You can give or take equipment with an NPC companion by choosing to talk to them and selecting Exchange, give or take personal items. It is important to note that they prefer to store exchanged items in a personal container rather than to equip them. You must convince your companions to trade away any containers (pouches, quivers, backpacks, etc.) as well as the equipment that you are attempting to replace. Once you have given your companions almost no choice in the matter, they will equip the new items and a message like The Swordsman reorganizes his possessions will be displayed.
You can have NPCs join you as performers after you convince them of your skills. This can be used to recruit those you normally couldn't recruit, such as civilians and stronger soldiers. What exactly is required to convince someone to join you is unclear, but reputation seems to factor into it. Even a totally unskilled performer can eventually convince eligible NPCs simply by repeatedly spamming performances in front of them. (NPCs will not move away from performances, in fact if they start moving while you're starting one they'll take a step back to their previous location once you begin. They may, however, fall asleep.) Enough performances, even if they never get a single reaction above "pretty good", should convince most anyone. This method makes obtaining the maximum number of companions much easier, allowing you to have a mob of dancing companions.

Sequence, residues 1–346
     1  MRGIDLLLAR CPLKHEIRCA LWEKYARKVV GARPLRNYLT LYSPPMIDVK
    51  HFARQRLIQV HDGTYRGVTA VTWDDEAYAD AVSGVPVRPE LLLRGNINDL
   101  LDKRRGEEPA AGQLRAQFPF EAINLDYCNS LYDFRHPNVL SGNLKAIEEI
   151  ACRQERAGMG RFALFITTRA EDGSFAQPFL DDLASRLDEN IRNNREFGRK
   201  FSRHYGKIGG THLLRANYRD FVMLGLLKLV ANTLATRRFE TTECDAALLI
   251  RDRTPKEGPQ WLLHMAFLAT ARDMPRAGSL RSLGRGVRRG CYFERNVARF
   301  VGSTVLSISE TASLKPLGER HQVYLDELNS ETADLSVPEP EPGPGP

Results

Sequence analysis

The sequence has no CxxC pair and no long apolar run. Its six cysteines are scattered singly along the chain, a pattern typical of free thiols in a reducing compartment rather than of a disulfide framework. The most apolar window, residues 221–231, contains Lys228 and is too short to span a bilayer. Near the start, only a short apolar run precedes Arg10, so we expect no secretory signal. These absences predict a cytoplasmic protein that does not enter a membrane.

The information in this section applies to all types of companions. If they survive long enough, companions are capable of levelling attributes and skills, and having a job title change. This also happens if they gain enough reputation.
Your companions will continue to follow you and fight hostile creatures around you until they die (if you asked them to join you on an adventure) or get you to the proper location (if you asked them to guide you some place). If you want to get rid of your companions at any time, the safe way is to talk to each one of them, ask them about their journey with you, and then cancel the agreement.
Companions can be instructed to stay where they are by talking to them and selecting Ask listener to wait here under the Ask favor, place request, make demand or issue order menu. Your companion will stop following you and wait where they are, until you talk to them again and select Ask listener to follow you. This can be useful if you need to leave a companion behind temporarily, such as when you are entering an area that you know will be too dangerous for your followers. Note that your petsv0.47.01 will also obey this instruction.